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Economy of Sri Lanka

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Economy of Sri Lanka. With an economy worth $64 billion (2012 IMF estimate) ($170 billion PPP estimate),[1] and a per capita GDP of about $7900 (PPP), Sri Lanka has mostly had strong growth rates in recent years.

Economy of Sri Lanka

In GDP per capita terms, it is ahead of other countries in the South Asian region. The main economic sectors of the country are tourism, tea export, apparel, textile, rice production and other agricultural products. In addition to these economic sectors, overseas employment contributes highly in foreign exchange, 90% of expatriate Sri Lankans reside in the Middle East.

Economic history[edit] Sri Lanka began to shift away from a socialist orientation in 1977. The Mahinda Rajapakse government halted the privatization process and launched several new companies. Following the quelling of the JVP insurrection, increased privatization, economic reform, and a stress on export-oriented growth helped improve the economic performance, increasing GDP growth to 7% in 1993. Macro-economic trend[edit] Economy of Sri Lanka. File:Sri Lanka Export Treemap.png. Agriculture in Sri Lanka. Aerial view of the Southern Province showing the land use patterns of the coastal belt. farming Rice cultivation in Sri Lanka[edit] Rice is the single most important crop occupying 34 percent (0.77 /million ha) of the total cultivated area in Sri Lanka.

Agriculture in Sri Lanka

On average 560,000 ha are cultivated during maha and 310,000 ha during yala making the average annual extent sown with rice to about 870,000 ha. About 1.8 million farm families are engaged in paddy cultivation island-wide. It is projected that the demand for rice will increase at 1.1% per year and to meet this the rice production should grow at the rate of 2.9% per year. The current cost of production of rough rice is Rs. 8.57 per kg. While the global demand for rice will increase at 1.95% the production will increase at 1.62% per annum making the tradable rice volume to be doubled in another 20 years time. Tea plantations[edit] Tea plantation at about 1800 m above sea level in Haputale, Hill Country Fruits and Vegetable[edit] Tea production in Sri Lanka. A tea plantation in Sri Lanka Tea plantation (Dambatenne estates) at about 1800 m above sea level in Haputale, Hill Country Tea production is one of the main sources of foreign exchange for Sri Lanka (formerly called Ceylon), and accounts for 2% of GDP, generating roughly $700 million annually to the economy of Sri Lanka.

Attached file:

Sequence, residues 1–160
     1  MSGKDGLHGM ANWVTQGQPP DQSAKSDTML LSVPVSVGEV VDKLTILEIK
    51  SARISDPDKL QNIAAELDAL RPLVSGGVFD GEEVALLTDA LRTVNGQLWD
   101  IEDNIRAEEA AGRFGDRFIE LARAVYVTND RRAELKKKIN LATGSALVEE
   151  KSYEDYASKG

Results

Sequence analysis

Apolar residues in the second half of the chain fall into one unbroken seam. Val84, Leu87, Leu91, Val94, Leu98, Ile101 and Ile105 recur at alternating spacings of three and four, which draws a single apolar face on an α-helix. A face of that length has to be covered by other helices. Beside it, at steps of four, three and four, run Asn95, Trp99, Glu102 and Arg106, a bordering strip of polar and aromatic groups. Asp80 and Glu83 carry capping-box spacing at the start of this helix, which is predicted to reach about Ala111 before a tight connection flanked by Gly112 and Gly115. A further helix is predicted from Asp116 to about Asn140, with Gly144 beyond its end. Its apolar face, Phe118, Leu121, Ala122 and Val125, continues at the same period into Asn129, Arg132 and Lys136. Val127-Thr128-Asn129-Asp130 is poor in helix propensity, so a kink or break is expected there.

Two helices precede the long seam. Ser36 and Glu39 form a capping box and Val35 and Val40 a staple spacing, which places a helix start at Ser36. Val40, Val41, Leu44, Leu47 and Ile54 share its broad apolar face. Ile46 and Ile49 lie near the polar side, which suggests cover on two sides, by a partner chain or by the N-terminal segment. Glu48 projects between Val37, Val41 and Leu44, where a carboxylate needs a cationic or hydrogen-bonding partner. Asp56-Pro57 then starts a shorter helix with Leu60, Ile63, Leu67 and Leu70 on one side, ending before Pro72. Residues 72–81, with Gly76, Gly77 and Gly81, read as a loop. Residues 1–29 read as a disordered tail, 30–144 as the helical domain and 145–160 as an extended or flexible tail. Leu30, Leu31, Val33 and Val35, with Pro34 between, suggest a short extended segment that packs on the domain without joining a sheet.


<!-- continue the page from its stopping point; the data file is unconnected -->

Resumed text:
Tea production in Sri Lanka

It employs, directly or indirectly over 1 million people, and in 1995 directly employed 215,338 on tea plantations and estates. Sri Lanka is the world's fourth largest producer of tea. In 1995, it was the world's leading exporter of tea, (rather than producer) with 23% of the total world export, but it has since been surpassed by Kenya. History[edit] Pre-tea era[edit] Cinnamon was the first crop to receive government sponsorship in Ceylon, while the island was under Dutch control.[8] During the administration of Dutch governor Iman Willem Falck, cinnamon plantations were planted in Colombo, Maradana, and Cinnamon Gardens in 1769. Tourism in Sri Lanka. The explorer Marco Polo of the 12th century wrote that Sri Lanka is the finest island in the whole world.

Tourism in Sri Lanka

For centuries it had been a tourism destination, particularly for European travellers. Recently, the Sri Lankan Civil War that spanned over 25 years and ended in 2009 has had a negative impact on tourism and the growth of the industry stagnated, however following this era a resurgence in Sri Lanka as a tourist destination has been evident. In 2012, post office worldwide holiday costs barometer named Sri Lanka as the best valued destination for holidays.[1] Value Proposition[edit] Transport in Sri Lanka. An inter-city train waiting at a station Transportation in Sri Lanka is based mainly on the road network which is centered on Sri Lanka's capital, Colombo.

Transport in Sri Lanka

There is also a railway network, but it is largely a legacy of British colonial rule and today only handles a small fraction of the country's transport needs. There are navigable waterways, harbours and two international airports located in Katunayake, 22 miles north of Colombo and in Hambantota. The highways and roadways around the country are in very good condition and are being upgraded. Railway network[edit] Commuter train in Colombo (Class S10 DMU) Map showing the rail network in Sri Lanka. Rail Transport in Sri Lanka consists of a heavy-rail intercity network connecting major population centres and commuter rail serving Colombo commuter traffic. Most of the railways were developed during the British colonial period, with the first line from Colombo to Kandy opening on 26 April 1867.